Fort Worth Sued by Family of Black Woman Killed by Cop at Home

Flowers lie on the sidewalk in front of the house where white Fort Worth police officer Aaron Dean shot and killed Atatiana Jefferson, a Black woman, through a back window. (AP Photo/David Kent, File)

FORT WORTH, Texas (CN) — The family of Atatiana Jefferson has filed a federal wrongful death lawsuit against the city of Fort Worth and the former cop who shot the Black woman to death through a window of her own home during a welfare check last year.

Relatives Jerome Eschor, Arita Eschor and Venitta Body claim Aaron Dean – who is white – failed to identify himself as a police officer and went straight into the backyard instead of knocking at the front door in the early morning of Oct. 12, 2019. In their lawsuit filed Friday and made available Monday, they seek compensatory and punitive damages for excessive force, assault, battery and supervisory liability.

“Dean, immediately, within seconds of seeing the resident inside of her home; shot her dead through a window of the home,” the 17-page complaint states. “Defendant Dean in his prowl around the backyard of her home, caused Atatiana fear and uncertainty … Dean failed to render medical aide to Atatiana.”

The lawsuit’s claims mirror what was recorded on Dean’s body camera that morning. Fort Worth police released a heavily edited, two-minute long video within hours of the shooting that show Dean walking up to the open front door before walking down the side of the house.

Dean is shown suddenly peering into a window before yelling “put your hands up, show me your hands” and immediately firing his service weapon inside. He is not shown identifying himself as police at any time.

Atatiana Jefferson. (Jefferson’s family via AP)

Jefferson was reportedly playing video games with her 8-year-old nephew immediately before being killed. Jefferson was 28 years old and a 2014 graduate of Xavier University in New Orleans with a biology degree.

Her family, represented by Tanika Solomon in Houston and Bassey O. Akpaffiong in nearby Sugar Land, claims Fort Worth officials knew or should have known Dean “exhibited a pattern of escalating encounters with the public” in violation of police procedures. Dean was hired in August 2017 and commissioned eight months later.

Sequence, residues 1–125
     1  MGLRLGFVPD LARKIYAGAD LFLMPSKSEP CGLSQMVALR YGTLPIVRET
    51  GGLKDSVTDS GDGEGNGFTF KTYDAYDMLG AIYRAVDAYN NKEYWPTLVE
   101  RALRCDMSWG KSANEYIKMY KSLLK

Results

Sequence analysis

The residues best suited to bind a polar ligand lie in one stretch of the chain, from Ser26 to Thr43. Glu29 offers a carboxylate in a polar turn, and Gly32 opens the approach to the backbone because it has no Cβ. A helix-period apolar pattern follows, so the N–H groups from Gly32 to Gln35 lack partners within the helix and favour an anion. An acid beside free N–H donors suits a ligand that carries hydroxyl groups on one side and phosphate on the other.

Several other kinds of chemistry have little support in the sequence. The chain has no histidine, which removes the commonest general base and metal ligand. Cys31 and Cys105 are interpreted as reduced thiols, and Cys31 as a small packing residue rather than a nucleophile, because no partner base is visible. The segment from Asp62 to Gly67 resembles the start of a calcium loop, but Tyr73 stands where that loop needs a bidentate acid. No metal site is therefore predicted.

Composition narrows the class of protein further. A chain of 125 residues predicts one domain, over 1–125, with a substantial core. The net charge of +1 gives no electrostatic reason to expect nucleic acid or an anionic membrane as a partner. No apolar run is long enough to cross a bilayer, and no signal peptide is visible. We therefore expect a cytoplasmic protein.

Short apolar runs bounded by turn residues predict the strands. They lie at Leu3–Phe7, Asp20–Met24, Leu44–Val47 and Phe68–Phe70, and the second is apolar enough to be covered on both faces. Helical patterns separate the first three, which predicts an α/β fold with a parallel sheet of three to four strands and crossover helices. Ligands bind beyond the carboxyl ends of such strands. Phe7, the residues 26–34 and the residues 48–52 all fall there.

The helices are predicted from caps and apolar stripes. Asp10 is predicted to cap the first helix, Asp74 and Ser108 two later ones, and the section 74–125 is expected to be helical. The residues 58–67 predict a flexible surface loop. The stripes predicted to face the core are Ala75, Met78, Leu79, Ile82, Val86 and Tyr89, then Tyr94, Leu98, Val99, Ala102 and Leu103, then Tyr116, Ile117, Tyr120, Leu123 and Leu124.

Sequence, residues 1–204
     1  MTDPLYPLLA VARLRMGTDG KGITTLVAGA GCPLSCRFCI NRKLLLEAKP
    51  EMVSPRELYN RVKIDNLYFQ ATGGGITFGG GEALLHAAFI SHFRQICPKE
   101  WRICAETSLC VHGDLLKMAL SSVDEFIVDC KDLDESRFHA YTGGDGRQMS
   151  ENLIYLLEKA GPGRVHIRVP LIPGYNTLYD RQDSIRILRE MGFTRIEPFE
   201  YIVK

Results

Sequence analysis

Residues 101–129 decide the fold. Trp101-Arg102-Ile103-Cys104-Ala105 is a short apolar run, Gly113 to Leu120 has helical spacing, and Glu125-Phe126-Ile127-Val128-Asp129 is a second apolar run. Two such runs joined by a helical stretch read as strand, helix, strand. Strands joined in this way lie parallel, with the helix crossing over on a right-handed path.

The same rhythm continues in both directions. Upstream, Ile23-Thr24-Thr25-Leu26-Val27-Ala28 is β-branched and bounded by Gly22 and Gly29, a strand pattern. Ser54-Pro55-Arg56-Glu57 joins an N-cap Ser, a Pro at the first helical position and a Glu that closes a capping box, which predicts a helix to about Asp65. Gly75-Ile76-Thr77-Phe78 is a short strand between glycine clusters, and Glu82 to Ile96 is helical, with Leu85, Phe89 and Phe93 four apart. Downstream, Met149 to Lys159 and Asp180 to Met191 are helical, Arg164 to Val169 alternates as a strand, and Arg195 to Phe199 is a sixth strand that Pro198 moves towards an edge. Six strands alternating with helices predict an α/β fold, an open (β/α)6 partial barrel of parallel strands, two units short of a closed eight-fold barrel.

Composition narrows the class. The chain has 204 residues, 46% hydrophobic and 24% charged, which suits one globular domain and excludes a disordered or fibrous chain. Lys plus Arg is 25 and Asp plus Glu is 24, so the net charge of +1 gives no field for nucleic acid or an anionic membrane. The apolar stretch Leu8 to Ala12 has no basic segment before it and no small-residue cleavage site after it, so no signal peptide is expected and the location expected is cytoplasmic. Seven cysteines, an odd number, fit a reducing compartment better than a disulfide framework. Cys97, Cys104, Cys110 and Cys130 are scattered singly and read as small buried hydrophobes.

The Fort Worth Police Department declined to comment on the lawsuit Monday afternoon, citing a gag order in place since October 2019 in Dean’s criminal case. City officials declined to comment on the lawsuit Monday evening, stating they have not been formally served with the complaint yet.

Jefferson’s killing drew swift condemnation from the community as the Dallas-Fort Worth area was still reeling from the murder trial and conviction of former Dallas cop Amber Guyger two weeks before Jefferson’s death. A Dallas County jury sentenced Guyger to 10 years in prison for shooting and killing Black accountant Botham Jean in his own apartment.

Fort Worth Police Chief Ed Kraus said shortly after Jefferson’s death that he was planning on firing Dean for violating the department’s use of force policies, but said Dean resigned before he had the chance.

Dean was charged with murder one day after the shooting. He was formally charged by a Tarrant County grand jury two months later. He is currently free on $200,000 bond and is scheduled to stand trial in August next year.

Republican Fort Worth Mayor Betsy Price later appointed an eight-member independent panel to review the police department’s practices and patterns of stops, searches, arrests, use of force, training, de-escalation tactics and reporting procedures. The panel also reviewed the department’s general orders, interactions with residents and training for traffic stops.

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